Wednesday, August 31, 2011

Are Recessions All About Money?

There is a view that seems to be hegemonic among liberal economists, that recessions are fundamentally about money or finance. Not just causally, not just in general, but always, by definition. In this view, the only sense in which one can speak about aggregate demand as a constraint on output, is if we can identify excess demand for some non-produced financial asset.

In the simplest case, people want to hold a stock of money in some proportion to their total income. Money is produced only by the government. Now suppose people's demand for money rises, and the government fails to increase supply accordingly. You might expect the price of money to rise -- that is, deflation. But deflation doesn't restore equilibrium, either because prices are sticky (i.e., deflation can't happen, or not fast enough), or because deflation itself further raises the demand for money. It might do this by raising precautionary demand, since falling prices make it likely that businesses and households won't be able to meet obligations fixed in money terms and will face bankruptcy (Irving Fisher's debt-deflation cycle). Or deflation might increase demand for money by because it redistributes income from net borrowers to net savers, and the latter have a higher marginal demand for money holdings. Or there could be other reasons. In any case, the price of money doesn't adjust, so government has to keep its quantity growing at the appropriate rate instead. From this perspective,  if we ever see an economy operating bellow full capacity, it is true by definition that there is excess demand for some money-like asset.

This sounds like Milton Friedman. It is Milton Friedman! But it also seems to be most of the liberal macroeconomists who are usually called Keynesians. Here's DeLong:
there was indeed a "general glut" of newly-produced commodities for sale and of workers to hire. But it was also the case that the excess supply of goods, services, and labor was balanced by an excess demand elsewhere in the economy. The excess demand was an excess demand not for any newly-produced commodity, but instead an excess demand for financial assets, for "money"...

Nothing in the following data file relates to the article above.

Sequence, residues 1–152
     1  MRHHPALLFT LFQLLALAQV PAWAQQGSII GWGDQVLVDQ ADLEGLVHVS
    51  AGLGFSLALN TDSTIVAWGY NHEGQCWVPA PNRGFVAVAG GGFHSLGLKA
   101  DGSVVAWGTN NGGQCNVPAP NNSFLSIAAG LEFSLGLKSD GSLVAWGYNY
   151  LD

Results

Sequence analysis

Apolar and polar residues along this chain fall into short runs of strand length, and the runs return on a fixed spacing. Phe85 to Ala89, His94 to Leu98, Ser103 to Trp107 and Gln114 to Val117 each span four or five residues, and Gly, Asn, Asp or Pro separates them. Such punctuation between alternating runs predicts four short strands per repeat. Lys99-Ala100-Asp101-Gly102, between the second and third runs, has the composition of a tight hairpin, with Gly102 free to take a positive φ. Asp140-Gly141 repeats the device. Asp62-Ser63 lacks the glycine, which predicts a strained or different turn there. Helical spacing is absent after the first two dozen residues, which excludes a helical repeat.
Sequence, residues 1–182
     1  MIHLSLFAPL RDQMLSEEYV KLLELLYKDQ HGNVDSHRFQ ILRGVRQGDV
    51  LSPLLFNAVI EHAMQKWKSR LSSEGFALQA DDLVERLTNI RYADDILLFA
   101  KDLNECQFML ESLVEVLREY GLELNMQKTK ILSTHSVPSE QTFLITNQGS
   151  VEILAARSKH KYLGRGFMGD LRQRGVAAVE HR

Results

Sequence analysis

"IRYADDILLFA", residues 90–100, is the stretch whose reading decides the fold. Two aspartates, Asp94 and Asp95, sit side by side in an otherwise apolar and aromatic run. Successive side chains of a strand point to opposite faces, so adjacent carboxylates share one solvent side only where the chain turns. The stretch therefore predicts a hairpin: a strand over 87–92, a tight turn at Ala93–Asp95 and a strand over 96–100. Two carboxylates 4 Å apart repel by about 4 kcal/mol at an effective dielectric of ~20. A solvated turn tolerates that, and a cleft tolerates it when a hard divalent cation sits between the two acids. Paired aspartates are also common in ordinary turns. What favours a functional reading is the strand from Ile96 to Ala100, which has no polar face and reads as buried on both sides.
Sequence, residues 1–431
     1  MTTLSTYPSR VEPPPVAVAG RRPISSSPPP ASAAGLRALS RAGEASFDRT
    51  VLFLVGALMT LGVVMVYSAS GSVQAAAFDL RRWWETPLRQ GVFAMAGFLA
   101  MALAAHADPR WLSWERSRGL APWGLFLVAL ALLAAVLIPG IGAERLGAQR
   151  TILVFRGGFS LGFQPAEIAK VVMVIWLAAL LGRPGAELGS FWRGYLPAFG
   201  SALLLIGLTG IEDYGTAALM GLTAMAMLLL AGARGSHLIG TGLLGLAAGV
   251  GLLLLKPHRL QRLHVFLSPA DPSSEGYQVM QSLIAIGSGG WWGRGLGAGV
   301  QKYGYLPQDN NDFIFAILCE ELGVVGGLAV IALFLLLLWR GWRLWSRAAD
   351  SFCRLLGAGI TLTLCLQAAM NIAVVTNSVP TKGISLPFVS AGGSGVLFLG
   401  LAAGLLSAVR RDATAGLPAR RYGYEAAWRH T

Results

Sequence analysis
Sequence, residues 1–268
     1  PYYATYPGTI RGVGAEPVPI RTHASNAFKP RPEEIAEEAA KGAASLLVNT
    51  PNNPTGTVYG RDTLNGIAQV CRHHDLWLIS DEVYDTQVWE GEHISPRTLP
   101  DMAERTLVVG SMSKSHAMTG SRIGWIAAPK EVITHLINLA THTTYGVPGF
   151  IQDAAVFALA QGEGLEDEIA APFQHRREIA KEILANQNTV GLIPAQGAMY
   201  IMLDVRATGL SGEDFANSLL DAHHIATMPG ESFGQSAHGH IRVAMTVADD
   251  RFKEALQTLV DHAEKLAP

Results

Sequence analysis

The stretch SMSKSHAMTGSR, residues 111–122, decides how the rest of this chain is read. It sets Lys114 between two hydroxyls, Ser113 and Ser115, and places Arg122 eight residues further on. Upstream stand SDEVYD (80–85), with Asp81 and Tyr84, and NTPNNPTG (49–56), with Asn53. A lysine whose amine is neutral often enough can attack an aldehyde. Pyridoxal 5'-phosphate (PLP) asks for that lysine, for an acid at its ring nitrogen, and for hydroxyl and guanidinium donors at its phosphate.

How, exactly, should economists characterize the excess demand in financial markets? Where was it, exactly? That became a subject of running dispute, and the dispute has been running for more than 150 years, with different economists placing the cause of the "general glut" that was excess supply of newly-produced goods and of labor at the door of different parts of the financial system.

The contestants are:

Fisher-Friedman: monetarism: a depression is the result of an excess demand for money--for those liquid assets generally accepted as means of payment that people hold in their portfolios to grease their market transactions. You fix a depression by having the central bank boost the money stock...

Wicksell-Keynes (Keynes of the Treatise on Money, that is): a depression happens when there is an excess demand for bonds... You fix a depression by either reducing the market rate of interest (via expansionary monetary policy) or raising the natural rate of interest (via expansionary fiscal policy) in order to bring them back into equality....

Bagehot-Minsky-Kindleberger: a depression happens because of a panic and a flight to quality, as everybody tries to sell their risky assets and cuts back on their spending in order to try to shift their portfolio in the direction of safe, high-quality assets... You fix a depression by restoring market confidence and so shrinking demand for AAA assets and by increasing the supply of AAA assets....

From the perspective of this Malthus-Say-Mill framework Keynes's General Theory is a not entirely consistent mixture of (1), (2), and (3)...Note that these financial market excess demands can have any of a wide variety of causes: episodes of irrational panic, the restoration of realistic expectations after a period of irrational exuberance, bad news about future profits and technology, bad news about the solvency of government or of private corporations, bad government policy that inappropriately shrinks asset stocks, et cetera. Nevertheless, in this Malthus-Say-Mill framework it seems as if there is always or almost always something that the government can do to affect asset supplies and demands that promises a welfare improvement
That's an admirably clear statement. But is it right? I mean, first, is it right that demand constraints can always and only be usefully characterized as excess demand for some financial asset? And second, is that really what the General Theory says?